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Woman, 42, indicted in boro welfare fraud

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A former Queens resident was indicted last month for receiving fraudulent welfare benefits and rent subsidies while she was working for the city Human Resources Administration — the same agency that issued her welfare checks.

Brooklyn resident Emily Duncan, 42, was indicted June 21 on charges that she concealed her job income on several welfare and rent subsidies income report forms in order to make herself eligible for the benefits over a 2-1/2-year period while living in Queens and later Brooklyn, said Edward J. Kuriansky, commissioner of the Department of Investigation, and Brooklyn District Attorney Charles J. Hynes.

Duncan was arraigned June 26 on 13 counts of welfare fraud, grand larceny, offering a false instrument for filing, and issuing a false financial statement, the DOI said. If convicted, she faces up to seven years in prison. She has been suspended without pay, the DOI said.

Duncan’s attorney, Joshua Horowitz, did not return phone calls before presstime.

From November 1998 through March, Duncan allegedly collected $29,550 in welfare benefits and rent subsidies while she was simultaneously employed first at the Association for the Advancement of Blind and Retarded Inc. as a counselor for an annual salary of $17,000 and later at the city Human Resources Administration as a caseworker for a salary of $27,265, according to the indictment.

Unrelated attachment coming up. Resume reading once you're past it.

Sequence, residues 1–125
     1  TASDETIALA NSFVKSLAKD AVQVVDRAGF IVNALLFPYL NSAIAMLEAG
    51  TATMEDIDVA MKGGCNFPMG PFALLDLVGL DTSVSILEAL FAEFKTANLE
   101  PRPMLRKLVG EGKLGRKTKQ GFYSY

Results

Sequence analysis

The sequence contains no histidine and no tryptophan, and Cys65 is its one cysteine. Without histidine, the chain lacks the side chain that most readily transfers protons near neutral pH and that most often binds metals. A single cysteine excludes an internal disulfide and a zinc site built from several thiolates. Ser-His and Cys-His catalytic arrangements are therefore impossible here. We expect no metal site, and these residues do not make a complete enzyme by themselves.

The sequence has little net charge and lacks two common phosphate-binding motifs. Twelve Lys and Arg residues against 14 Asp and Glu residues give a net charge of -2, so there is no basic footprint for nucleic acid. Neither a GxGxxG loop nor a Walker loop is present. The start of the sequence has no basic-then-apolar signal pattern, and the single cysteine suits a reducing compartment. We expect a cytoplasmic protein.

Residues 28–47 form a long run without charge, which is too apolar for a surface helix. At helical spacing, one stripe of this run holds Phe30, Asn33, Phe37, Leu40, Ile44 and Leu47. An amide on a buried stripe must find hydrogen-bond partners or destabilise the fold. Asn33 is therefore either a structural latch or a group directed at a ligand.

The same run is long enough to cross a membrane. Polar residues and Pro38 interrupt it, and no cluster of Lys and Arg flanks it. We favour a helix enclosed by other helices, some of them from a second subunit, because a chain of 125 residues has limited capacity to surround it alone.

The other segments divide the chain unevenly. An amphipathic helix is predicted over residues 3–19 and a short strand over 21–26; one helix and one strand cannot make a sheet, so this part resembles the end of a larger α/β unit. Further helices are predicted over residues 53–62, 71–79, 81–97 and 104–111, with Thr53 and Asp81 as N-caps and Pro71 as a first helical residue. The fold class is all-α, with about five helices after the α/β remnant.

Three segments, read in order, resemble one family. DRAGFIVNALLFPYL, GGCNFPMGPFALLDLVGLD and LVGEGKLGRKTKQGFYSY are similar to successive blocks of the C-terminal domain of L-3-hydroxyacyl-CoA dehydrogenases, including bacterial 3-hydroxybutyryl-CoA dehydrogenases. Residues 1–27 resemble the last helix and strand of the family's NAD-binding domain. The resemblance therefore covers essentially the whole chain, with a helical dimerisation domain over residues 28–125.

Duncan originally entered the welfare rolls at the Queens Job Center in Long Island City in January 1996, the DOI said. In 1998 she was hired by the AABR as a counselor at an annual salary of $17,000 but still received welfare checks from Queens HRA, authorities said. She allegedly failed to report that she was employed and receiving a salary from AABR on the annual income filing that all welfare recipients must complete to show that their income falls below the upper limit of eligibility for receiving welfare benefits, Kuriansky and Hynes said.

In March 1998, according to a 13-count indictment, she moved from Queens to a Section 8, three-bedroom apartment in Brooklyn and her case was transferred to HRA’s DeKalb Center.

Duncan resigned from her job at AABR in January 2000 and she was hired as a caseworker for HRA, making $27,265. The indictment alleges she continued to receive illegal welfare checks from the agency that now employed her. Ironically, her job responsibilities at HRA included helping welfare recipients find job training and employment.

The indictment alleges Duncan received a total of $22,304 in illegal welfare benefits from November 1998 to March. Duncan also is charged with receiving fraudulent rent subsidies totaling $7,246 from a federally funded HUD program that provides subsidies to low-income families living in private homes.

The Department of Investigation and HRA’s Bureau of Fraud Investigation were originally alerted to Duncan’s activities by an anonymous tip, authorities said.

Patrick Clark, a spokesman for the DOI, said cases like Duncan’s are not rare. “There’s an ongoing crackdown,” he said, “They do periodic audits.” But an audit of all the 249,000 welfare cases on the city’s roles would be an “onerous task,” he said. “They don’t have the staff.”

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